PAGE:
With Its Success, GMU Faces A Balancing Act
Friday, March 31, 2006
Whether George Mason pulls off its fifth consecutive victory or succumbs to the favored Florida Gators in tomorrow's NCAA basketball tournament semifinals, the Patriots will return to Fairfax having achieved something every college athletic department dreams of: brand identity.
By advancing to the Final Four, the 11th-seeded Patriots have turned George Mason into a household name -- at least in the millions of U.S. households that are expected to tune in to the tournament's final weekend. The Patriots also have gone a long way, analysts predict, toward helping the program recruit talented high-school prospects, energize its fan base and place more of its regular season games on TV.
All represent critical steps toward sloughing off the dreaded tag of being a "mid-major" basketball team and inching closer to becoming big-time. But the journey, although played out to deafening cheers the last three weeks, isn't without its peril.
The challenge, as the Patriots take the next steps toward big-time athletics, will be maintaining the balance that has earned the university its reputation as a rising academic institution. How will it respond to the clamor for more success without compromising its academic values and overextending itself for a fan base that may prove fickle?
"This is a great, feel-good story for the university," said Richard Lapchick, director of the Institute for Diversity and Ethics in Sports at the University of Central Florida. "The only concern would be, does this put so much pressure on the school that they get into a trap, as other schools have, of feeling the pressure to keep it up and therefore sometimes cut corners and engage in the unethical practices that other schools have been accused of."
Adds Sheldon Steinbach, general counsel of the American Council on Education, "The goal for the institution is to translate this momentum as a rising academic institution without turning itself into Jock City."
George Mason provost Peter Stearns, the university's chief academic officer, is well aware of the potential pitfalls.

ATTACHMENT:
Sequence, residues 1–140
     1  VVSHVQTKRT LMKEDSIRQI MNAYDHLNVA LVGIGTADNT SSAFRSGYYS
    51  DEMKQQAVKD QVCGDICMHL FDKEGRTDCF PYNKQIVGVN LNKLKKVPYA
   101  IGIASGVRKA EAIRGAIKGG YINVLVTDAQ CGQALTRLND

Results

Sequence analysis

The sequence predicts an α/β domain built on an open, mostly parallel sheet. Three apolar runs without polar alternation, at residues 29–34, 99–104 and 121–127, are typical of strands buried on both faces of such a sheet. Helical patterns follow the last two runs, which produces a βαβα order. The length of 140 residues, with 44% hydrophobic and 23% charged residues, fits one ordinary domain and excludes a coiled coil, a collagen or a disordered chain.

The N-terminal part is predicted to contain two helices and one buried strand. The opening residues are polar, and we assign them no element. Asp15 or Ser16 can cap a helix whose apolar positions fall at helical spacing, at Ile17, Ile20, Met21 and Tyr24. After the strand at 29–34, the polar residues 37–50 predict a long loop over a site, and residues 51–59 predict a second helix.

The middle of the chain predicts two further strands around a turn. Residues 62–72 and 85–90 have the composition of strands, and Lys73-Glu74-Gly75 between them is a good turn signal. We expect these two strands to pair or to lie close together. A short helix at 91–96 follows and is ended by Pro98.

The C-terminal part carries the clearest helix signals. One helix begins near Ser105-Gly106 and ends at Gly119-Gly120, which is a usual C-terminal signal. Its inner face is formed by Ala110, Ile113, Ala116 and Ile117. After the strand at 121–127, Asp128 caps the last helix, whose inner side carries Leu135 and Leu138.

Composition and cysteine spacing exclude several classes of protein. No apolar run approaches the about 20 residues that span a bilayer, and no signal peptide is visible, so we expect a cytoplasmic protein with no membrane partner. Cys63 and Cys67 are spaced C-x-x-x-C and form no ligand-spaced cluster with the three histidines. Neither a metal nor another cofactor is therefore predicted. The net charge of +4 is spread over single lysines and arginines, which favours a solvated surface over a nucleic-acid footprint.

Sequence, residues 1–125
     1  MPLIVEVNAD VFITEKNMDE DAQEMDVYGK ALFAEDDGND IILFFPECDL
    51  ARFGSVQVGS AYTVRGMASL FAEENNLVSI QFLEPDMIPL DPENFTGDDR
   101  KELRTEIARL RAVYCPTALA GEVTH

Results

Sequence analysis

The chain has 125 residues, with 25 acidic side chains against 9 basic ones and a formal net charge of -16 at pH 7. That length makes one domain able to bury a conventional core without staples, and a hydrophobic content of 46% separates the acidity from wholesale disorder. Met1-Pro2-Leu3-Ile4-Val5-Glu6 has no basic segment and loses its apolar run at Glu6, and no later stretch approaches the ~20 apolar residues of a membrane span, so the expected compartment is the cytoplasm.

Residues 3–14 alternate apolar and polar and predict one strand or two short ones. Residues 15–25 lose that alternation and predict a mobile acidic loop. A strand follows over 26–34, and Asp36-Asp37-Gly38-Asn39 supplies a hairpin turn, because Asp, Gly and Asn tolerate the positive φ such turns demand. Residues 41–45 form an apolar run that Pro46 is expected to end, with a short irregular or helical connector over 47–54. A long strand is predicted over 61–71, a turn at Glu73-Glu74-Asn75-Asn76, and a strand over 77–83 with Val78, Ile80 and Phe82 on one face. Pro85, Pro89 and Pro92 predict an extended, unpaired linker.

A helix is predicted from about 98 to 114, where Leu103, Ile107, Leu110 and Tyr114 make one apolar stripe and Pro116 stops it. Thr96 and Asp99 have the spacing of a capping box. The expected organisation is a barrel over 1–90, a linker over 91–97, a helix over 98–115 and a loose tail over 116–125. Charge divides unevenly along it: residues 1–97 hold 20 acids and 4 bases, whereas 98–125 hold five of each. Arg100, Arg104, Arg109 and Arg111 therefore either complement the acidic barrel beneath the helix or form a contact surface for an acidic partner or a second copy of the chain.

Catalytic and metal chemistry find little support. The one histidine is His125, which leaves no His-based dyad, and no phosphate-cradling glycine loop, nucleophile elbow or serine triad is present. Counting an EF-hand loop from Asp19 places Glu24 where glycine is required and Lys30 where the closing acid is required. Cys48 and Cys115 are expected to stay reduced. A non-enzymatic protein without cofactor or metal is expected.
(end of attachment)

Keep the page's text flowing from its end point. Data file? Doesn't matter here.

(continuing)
"We're delighted with the success of our basketball team, but we frankly don't want to be known primarily for basketball," Stearns said this week. "We'll accept the flash in the pan; we think it's good fun. But that's not what we want to be known for, and I think our athletic department would agree."
Stearns's greater hope is that George Mason use its time in the national spotlight to sell the university's broader story -- one of a diverse student body, esteemed faculty, top-50 law school and vibrant research base. Coach Jim Larranaga is doing his part, hitting many of Stearns's bullet-points in postgame interviews.
That's precisely what authors of a case study on Gonzaga's feel-good run through the 1999 NCAA tournament recommended in their essay, "Cinderella Fellas," published in fall 2002. They calculated that Gonzaga generated newspaper stories and TV coverage worth $37.8 million in advancing to the fourth round that year. But the key to leveraging that exposure, they wrote, was for university officials to "shape the content of the message" by speaking in positive, upbeat terms about Gonzaga's assets.
Today, Gonzaga is no longer an NCAA Cinderella but a consistent tournament contender. The Bulldogs now play in a sparkling new $25 million arena and don't trigger shockwaves by reaching the round of 16.
Reached this week, Gonzaga business professor Carl S. Bozman, a co-author of the 2002 paper, said the only cautionary postscript he would add is that similar NCAA Cinderella schools would be well served by carefully managing the enrollment growth that likely will follow their basketball success.